N2 - Objectives Successful management of rheumatic conditions involves increasing complexity of care. Delivering this in a holistic way is a growing challenge. The aim of this study was to develop a Patient Concerns Inventory (PCI) and assess it in the Rheumatology clinic setting. Methods This observational exploratory study occurred with two phases. Phase 1: the PCI was developed after systematic literature search, expert opinion and three patient focus group discussions. Phase 2: the PCI was piloted in a general Rheumatology clinic. Results Fifty-four patients were assessed in the pre-PCI group and 51 in the post-PCI group. Median (IQR) duration of consultation was 8 (5-14) minutes without PCI and 15 (10-20) minutes with PCI. The pre-PCI group raised 335 concerns from 50 patients, median (IQR) of 5 (3-10) per patient, rising post-PCI to 521 concerns, median (IQR) of 9 (5-16) from 51 patients, p=0.002. Additional concerns predominantly arising from ‘Physical and functional well-being’ and ‘Social care and wellbeing’ domains. Most patients rated their experience with their doctor in the consultation as excellent or outstanding across all 11 questions in the questionnaire, both before and after the introduction of the PCI to the clinic setting. Conclusion The PCI is a useful holistic needs assessment tool for Rheumatology clinics. Although its use may initially prolong the consultation slightly, patients can raise a significantly higher number of concerns that do not occur at the expense of patient satisfaction. This may help in identifying areas of ‘unmet need’, which previously went unnoticed.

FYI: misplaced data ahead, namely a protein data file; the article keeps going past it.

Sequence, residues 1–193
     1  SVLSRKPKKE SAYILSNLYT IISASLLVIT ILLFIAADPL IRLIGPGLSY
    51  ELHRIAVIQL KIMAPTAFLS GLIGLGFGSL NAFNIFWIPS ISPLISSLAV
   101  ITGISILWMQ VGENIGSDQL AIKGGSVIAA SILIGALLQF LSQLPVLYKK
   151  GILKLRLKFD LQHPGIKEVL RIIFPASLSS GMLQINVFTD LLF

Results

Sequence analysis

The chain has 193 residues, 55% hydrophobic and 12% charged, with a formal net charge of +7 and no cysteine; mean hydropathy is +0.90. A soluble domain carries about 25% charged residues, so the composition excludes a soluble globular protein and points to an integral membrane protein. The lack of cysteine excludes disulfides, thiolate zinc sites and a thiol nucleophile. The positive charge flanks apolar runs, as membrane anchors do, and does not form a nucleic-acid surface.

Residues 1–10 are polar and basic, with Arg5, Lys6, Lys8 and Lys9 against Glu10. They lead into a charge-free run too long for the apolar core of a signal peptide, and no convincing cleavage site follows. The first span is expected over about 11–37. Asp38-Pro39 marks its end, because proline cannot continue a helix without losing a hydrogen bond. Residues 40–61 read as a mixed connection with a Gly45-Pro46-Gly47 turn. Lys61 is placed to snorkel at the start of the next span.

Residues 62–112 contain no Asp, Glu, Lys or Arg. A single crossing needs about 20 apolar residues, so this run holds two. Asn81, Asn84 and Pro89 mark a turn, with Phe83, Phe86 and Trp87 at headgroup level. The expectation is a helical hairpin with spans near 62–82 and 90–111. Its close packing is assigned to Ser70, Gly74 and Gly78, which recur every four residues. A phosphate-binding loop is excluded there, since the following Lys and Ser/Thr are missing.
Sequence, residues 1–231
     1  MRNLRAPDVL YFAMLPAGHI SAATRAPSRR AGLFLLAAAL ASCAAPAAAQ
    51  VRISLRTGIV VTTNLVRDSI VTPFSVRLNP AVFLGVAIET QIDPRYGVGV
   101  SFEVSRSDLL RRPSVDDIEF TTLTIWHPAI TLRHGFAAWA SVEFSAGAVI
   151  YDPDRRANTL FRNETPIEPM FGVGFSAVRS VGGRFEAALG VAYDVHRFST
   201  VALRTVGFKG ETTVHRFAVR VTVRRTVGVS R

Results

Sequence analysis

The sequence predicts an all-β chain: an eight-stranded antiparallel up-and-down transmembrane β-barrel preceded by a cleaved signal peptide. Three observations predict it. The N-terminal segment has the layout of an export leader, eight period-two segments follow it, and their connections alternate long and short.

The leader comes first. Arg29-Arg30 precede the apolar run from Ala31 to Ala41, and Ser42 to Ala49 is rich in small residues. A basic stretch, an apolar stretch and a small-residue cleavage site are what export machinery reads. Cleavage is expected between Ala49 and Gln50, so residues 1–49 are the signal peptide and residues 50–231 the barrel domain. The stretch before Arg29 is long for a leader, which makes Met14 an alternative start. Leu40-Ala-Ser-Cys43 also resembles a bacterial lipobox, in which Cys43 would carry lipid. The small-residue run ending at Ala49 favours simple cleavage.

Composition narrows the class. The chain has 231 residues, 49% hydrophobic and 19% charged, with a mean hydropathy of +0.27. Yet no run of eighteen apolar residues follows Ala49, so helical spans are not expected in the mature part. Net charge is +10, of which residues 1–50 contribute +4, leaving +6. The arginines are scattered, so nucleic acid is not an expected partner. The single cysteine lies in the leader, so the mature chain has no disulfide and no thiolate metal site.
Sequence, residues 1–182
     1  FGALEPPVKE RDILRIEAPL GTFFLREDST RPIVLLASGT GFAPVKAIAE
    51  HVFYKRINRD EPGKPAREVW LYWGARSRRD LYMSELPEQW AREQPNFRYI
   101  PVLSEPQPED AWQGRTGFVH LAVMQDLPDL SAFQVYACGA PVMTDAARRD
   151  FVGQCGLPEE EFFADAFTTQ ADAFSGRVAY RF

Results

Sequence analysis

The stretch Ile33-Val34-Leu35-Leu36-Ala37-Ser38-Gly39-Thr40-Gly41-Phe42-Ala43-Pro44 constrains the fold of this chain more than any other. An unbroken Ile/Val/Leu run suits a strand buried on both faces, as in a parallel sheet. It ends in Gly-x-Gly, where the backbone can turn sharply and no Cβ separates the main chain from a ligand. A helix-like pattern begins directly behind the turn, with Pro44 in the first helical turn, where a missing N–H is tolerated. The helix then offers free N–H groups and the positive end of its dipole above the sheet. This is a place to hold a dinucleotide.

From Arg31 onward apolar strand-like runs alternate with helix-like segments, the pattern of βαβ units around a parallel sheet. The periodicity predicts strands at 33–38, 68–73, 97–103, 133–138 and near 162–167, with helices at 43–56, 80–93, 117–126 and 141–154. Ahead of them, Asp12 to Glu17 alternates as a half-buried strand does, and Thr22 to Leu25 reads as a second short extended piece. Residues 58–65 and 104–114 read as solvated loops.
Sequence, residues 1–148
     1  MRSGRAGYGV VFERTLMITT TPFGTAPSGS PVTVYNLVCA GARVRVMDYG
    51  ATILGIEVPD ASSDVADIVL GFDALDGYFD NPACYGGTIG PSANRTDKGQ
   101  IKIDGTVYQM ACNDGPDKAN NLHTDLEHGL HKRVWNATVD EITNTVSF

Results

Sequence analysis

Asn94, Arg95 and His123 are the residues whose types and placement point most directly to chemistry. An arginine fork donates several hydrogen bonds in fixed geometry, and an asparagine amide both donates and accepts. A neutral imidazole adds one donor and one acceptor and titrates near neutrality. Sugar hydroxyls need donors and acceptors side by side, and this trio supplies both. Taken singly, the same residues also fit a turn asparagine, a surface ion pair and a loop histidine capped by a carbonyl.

AB - Objectives Successful management of rheumatic conditions involves increasing complexity of care. Delivering this in a holistic way is a growing challenge. The aim of this study was to develop a Patient Concerns Inventory (PCI) and assess it in the Rheumatology clinic setting. Methods This observational exploratory study occurred with two phases. Phase 1: the PCI was developed after systematic literature search, expert opinion and three patient focus group discussions. Phase 2: the PCI was piloted in a general Rheumatology clinic. Results Fifty-four patients were assessed in the pre-PCI group and 51 in the post-PCI group. Median (IQR) duration of consultation was 8 (5-14) minutes without PCI and 15 (10-20) minutes with PCI. The pre-PCI group raised 335 concerns from 50 patients, median (IQR) of 5 (3-10) per patient, rising post-PCI to 521 concerns, median (IQR) of 9 (5-16) from 51 patients, p=0.002. Additional concerns predominantly arising from ‘Physical and functional well-being’ and ‘Social care and wellbeing’ domains. Most patients rated their experience with their doctor in the consultation as excellent or outstanding across all 11 questions in the questionnaire, both before and after the introduction of the PCI to the clinic setting. Conclusion The PCI is a useful holistic needs assessment tool for Rheumatology clinics. Although its use may initially prolong the consultation slightly, patients can raise a significantly higher number of concerns that do not occur at the expense of patient satisfaction. This may help in identifying areas of ‘unmet need’, which previously went unnoticed.

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JO - Journal of Rheumatology

JF - Journal of Rheumatology

SN - 0315-162X

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ER -